15.4" Sliced Speetoniceras Ammonite With Druzy Pyrite

This is a large, 15.4" wide Speetoniceras ammonite fossil from the Lower Cretaceous deposits of the Volga River in Russia. It has been sliced in half, and polished revealing the inner chamber structure. The chambers are filled with deep pockets of druzy pyrite crystals. The outer side of the ammonite has been nicely prepared to expose the well defined external structure. This is a gorgeous display piece.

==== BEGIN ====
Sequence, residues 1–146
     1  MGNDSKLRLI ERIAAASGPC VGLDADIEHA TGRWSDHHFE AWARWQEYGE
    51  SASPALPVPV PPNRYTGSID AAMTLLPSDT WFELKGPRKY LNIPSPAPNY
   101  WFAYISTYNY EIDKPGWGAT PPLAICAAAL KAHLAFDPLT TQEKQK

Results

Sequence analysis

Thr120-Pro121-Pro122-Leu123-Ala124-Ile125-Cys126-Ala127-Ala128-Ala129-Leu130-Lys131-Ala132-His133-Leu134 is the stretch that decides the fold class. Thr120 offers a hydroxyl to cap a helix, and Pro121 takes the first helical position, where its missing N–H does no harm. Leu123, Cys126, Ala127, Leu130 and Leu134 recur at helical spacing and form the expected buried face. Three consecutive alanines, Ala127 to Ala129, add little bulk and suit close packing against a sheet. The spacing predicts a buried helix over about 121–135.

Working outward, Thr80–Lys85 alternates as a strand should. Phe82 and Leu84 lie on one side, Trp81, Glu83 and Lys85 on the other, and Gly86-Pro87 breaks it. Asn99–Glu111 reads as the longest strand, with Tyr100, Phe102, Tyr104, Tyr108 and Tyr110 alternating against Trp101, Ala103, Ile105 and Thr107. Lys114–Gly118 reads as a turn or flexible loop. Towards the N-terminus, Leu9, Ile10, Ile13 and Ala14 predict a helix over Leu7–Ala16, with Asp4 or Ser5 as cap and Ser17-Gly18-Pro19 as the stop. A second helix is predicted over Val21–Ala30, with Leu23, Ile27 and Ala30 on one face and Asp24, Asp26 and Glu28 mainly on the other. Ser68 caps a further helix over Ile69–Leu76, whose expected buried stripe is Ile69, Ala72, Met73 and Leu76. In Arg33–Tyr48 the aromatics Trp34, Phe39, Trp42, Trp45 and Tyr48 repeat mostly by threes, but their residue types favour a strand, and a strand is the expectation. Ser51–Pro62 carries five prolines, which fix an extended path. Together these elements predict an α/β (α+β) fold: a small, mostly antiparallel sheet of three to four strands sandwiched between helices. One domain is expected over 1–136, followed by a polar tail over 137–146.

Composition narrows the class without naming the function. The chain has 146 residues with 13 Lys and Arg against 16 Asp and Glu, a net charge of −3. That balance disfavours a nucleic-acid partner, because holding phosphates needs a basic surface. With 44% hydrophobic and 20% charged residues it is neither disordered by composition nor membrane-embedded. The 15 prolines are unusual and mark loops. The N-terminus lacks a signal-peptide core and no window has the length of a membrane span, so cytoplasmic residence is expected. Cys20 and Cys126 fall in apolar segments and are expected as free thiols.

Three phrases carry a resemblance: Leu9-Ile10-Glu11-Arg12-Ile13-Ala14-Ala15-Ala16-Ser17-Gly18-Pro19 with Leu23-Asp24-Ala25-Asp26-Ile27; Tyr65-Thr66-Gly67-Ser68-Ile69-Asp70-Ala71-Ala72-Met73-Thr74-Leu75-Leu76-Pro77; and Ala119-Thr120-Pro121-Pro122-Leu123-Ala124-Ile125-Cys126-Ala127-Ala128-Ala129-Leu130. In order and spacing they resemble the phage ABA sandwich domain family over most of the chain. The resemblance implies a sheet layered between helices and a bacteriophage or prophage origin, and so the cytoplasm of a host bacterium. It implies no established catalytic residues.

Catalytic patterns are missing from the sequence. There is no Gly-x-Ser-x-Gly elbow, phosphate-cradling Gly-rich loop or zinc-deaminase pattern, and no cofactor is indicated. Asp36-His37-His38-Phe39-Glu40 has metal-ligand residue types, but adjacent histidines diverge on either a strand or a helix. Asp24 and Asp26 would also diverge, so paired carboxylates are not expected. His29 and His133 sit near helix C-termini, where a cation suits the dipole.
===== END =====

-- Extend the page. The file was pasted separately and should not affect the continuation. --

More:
There has been some restoration and repair to the ammonite. Several cracks have been repaired and filled on the backside and it's likely some of the pyrite has been added.

Ammonites were predatory cephalopod mollusks that resembled squids with spiral shells. They are more closely related to living octopuses, though their shells resemble that of nautilus species. True ammonites appeared in the fossil record about 240 million years ago during the Triassic Period. The last lineages disappeared 65 million years ago at the end of the Cretaceous.

What an ammonite would have looked like while alive.
What an ammonite would have looked like while alive.
Speetoniceras versicolor
Volga river, Ulyanovsk region, Russia
15.4" wide
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